RNA - The Asian worker was shown looking downcast, and wearing a blue surgical mask and a large white-shaped box with the words "Hand Sanitizer" in the middle and a dispenser underneath. In another image, the humiliated worker has stood in front of a man, probably a highly-placed authority, disinfecting his hands.
One Twitter user said it’s "Gulf classism. A gift from Aramco". Another described it as slavery "repackaged", while a user added that the person behind the idea needed to "sanitize his brain".
The worker in the images "must be compensated for the humiliating act", another user stressed.
The company has later expressed its "strong dissatisfaction with this abusive behavior that was used to emphasize the importance of sanitization, without the approval of the company's concerned party".
"The company immediately stopped it act and took strict measures to prevent it from happening again," the statement claimed.
But the public anger didn't subside, as a user stated that Aramco needed to apologize to the "person himself" not to the public.
The Kingdom has been slammed for its human rights record and its treatment of migrant workers, as the oil-rich country is home to millions of low-income foreign workers employed in blue-collar jobs largely shunned by Saudis.
In September, the sister of Saudi Crown Prince Mohammad bin Salman has been found guilty of ordering her bodyguard to beat and humiliate a plumber who was renovating her luxury Paris apartment.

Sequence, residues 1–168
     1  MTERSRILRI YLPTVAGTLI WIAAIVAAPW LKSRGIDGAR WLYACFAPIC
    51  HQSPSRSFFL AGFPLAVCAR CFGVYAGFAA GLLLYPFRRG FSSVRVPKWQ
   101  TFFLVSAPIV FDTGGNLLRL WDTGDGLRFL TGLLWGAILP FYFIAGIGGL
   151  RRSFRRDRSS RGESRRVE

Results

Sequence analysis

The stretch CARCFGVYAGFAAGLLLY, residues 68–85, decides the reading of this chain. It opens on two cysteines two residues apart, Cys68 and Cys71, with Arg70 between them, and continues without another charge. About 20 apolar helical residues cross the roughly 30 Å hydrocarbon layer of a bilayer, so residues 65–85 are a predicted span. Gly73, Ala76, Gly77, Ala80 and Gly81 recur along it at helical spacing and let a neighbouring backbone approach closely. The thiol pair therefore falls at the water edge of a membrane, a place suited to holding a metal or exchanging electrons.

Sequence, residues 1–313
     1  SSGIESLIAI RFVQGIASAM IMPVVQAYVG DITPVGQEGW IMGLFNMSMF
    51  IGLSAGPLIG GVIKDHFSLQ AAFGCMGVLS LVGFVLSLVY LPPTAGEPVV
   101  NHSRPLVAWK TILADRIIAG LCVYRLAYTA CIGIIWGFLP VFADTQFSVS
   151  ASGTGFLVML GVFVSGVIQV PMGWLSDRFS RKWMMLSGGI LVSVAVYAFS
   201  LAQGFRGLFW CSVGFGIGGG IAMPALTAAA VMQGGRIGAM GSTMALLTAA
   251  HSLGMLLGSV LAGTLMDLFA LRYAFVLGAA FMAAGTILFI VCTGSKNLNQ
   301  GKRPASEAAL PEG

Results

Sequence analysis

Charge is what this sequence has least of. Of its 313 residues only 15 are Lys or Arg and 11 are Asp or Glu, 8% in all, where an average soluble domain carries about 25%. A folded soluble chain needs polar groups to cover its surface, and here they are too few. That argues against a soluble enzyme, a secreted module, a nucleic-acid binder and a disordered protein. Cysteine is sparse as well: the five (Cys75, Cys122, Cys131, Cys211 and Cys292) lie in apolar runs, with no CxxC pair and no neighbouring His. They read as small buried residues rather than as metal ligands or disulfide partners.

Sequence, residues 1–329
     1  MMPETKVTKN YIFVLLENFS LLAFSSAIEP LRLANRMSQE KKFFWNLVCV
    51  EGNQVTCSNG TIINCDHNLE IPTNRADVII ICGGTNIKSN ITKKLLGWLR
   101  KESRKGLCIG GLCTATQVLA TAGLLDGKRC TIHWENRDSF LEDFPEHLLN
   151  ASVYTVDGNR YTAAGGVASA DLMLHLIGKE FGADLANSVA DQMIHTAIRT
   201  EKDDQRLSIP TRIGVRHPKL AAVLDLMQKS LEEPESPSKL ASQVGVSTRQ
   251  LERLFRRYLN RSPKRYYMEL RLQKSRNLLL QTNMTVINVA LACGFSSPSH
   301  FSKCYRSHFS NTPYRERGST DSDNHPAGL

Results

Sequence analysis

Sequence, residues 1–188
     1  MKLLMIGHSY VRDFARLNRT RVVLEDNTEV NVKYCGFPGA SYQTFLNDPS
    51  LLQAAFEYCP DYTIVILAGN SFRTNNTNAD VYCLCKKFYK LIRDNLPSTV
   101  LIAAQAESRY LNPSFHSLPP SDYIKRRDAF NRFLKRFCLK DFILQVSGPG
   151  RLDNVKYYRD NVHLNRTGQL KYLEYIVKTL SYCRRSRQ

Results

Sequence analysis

Princess Hassa bint Salman has received a 10-month suspended sentence and a 10,000 euro (£8,900) fine after she told her bodyguard to beat up the man for taking photos inside her home.
The plumber, Ashraf Eid, stated the guard tied him up and forced him to kiss the princess’ feet.
The daughter of King Salman was found guilty of complicity to violence with a weapon and complicity to kidnap.
According to Fars News Agency, Saudi Arabia reported more than 20 new coronavirus cases early Thursday, bringing the kingdom's total to 45 cases, the state news agency reported, citing the health ministry. Saudi Arabia’s Health Ministry Spokesman Mohammad Abdelali has cautioned figures could surge in coming days.
Riyadh has taken measures to curb the spread of the virus, including suspending education, banning religious lessons at all mosques and limiting Friday prayer sermons to 15 minutes. Saudi Arabia suspended travel from and to several countries for citizens and residents.